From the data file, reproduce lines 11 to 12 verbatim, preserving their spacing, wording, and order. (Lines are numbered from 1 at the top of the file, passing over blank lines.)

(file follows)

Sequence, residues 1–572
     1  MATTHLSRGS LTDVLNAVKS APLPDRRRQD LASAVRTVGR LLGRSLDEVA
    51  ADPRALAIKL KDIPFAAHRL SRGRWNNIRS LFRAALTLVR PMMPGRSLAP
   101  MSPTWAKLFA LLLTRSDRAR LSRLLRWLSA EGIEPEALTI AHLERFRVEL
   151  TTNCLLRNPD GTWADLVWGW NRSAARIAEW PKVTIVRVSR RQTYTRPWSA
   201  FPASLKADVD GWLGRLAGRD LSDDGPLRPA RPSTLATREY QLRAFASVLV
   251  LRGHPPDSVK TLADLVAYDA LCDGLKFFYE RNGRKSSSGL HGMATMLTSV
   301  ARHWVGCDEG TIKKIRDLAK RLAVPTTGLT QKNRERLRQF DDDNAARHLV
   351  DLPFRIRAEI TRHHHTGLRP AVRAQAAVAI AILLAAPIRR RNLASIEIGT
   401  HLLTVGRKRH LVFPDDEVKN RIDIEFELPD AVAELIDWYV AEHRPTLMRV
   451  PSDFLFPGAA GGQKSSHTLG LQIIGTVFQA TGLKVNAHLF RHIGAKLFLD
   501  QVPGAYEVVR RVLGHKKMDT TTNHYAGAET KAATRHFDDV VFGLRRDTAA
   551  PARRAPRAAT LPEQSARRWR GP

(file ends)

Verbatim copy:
   451  PSDFLFPGAA GGQKSSHTLG LQIIGTVFQA TGLKVNAHLF RHIGAKLFLD
   501  QVPGAYEVVR RVLGHKKMDT TTNHYAGAET KAATRHFDDV VFGLRRDTAA